At times more like Heat in style rather than Goodfellas, Donnie Brasco is a mix of many gangster films that have gone before, drawing parallels between mob life, and the real family life of each character, and showing the blurring of boundaries which can often occur. The style, the dialogue, the wit, the violence, everything we would expect to see is here, but there are enough good moments to keep the movie unique, and there are some good performances from typically very good actors. The film does not dwell on the scenes of murder, but rather focuses on characterisation, and the relationship between Donnie Brasco, the undercover agent who succumbs to the mafia way, and Lefty, an aging mobster who, in spite of his dedication and respected work has little to show for it, and never seems to rise through the ranks.
Johnny Depp plays Joe, an FBI agent, married with kids. He goes undercover as Donnie Brasco, an orphan from Florida to try and infiltrate the New York mafia. When Lefty, a member of the mob takes interest in him, Donnie becomes part of the gang. Lefty teaches him everything and acts like a father, and they become close as Donnie sees how Lefty wishes he could get away with his family, and hates the fact that he is always ‘passed over’. Madsen plays Sonny Black, a member who is rising ahead of Lefty even though he is younger and has done less. They move to Florida as Black tries to set up on his own, but the FBI raid his new club. They believe there is a rat, and kill one of their own thinking it was him. Lefty and Donnie know he was not a rat though. Black decides to kill Sonny Red and the other bosses so that he can have New York, and by this time Donnie is respected in the group and may one day become a ‘made man’. His family have been deserted, and the FBI do not know what he is doing. Brasco says he is trying to get Lefty out of the group before he is killed, as when Brasco is uncovered, Lefty will undoubtedly die. Brasco is becoming just like the men he was supposed to be putting away, and getting deeper into trouble with each day.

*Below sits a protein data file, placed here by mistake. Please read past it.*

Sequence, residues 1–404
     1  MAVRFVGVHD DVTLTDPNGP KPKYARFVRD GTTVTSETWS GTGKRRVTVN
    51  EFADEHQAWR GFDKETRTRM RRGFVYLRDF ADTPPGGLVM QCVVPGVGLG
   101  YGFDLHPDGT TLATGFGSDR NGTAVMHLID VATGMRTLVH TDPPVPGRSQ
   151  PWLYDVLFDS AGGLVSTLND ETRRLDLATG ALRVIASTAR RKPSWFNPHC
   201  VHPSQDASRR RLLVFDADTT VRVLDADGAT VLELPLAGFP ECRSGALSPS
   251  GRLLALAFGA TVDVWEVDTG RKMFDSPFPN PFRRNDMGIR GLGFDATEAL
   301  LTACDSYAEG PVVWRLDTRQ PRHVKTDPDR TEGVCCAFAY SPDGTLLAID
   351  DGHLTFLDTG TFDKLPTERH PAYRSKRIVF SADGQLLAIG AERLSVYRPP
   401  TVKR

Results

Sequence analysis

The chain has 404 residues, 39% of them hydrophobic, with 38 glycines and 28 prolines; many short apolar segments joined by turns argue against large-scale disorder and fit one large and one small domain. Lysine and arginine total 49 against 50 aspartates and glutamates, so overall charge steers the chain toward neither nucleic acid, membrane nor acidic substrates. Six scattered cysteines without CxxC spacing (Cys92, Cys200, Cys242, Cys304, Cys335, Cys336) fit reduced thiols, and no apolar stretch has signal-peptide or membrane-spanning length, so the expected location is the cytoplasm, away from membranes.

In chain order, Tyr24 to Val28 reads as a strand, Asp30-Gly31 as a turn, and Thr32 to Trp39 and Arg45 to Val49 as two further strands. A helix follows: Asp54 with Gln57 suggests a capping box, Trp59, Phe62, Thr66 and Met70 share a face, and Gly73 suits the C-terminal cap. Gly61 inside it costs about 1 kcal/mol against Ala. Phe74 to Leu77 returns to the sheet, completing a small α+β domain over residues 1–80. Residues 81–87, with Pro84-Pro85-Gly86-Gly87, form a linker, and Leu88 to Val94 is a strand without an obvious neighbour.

Overall it is the acting which keeps the film running at a steady, watchable pace. Depp is very good as Brasco, convincing in his dual roles and in his portrayal of how easy it can be to be seduced by power. Pacino is on familiar territory, and again is intense and thoughtful when he needs to be, giving another strong performance. Madsen is also good as the short-fused Sonny Black, and everyone else does what they have to do. The script is nothing we haven’t seen before, and although it sometimes seems like it is trying to too easily explain the ways and words of the mob, it still has a few refreshing moments. The life seems less glitzy than in other gangster films, and there are few shows of extravagance. These men seem to be low on the ladder, and not as good at what they do as other characters from other movies. We are left feeling great sympathy towards Lefty, even though he has been in the game for so long, he seems naive and in need of a real son or someone to connect with. He never gets a break, and is always the man given the smaller jobs. He has been in the business for so long that he knows little else though, and we sense from the start that he will never get away. Even though Joe completes his job, he knows blood will be forever on his hands and after having a taste of the high life, it will be difficult for him to return to normality.
The DVD has a short making of and trailer. The skant extras should not sway you from picking up this great film.
As always, feel free to leave any comments on the movie- how does this rank against the other Mafia/mob movies? Would you like to see Depp take on more ‘serious’ roles like he does here?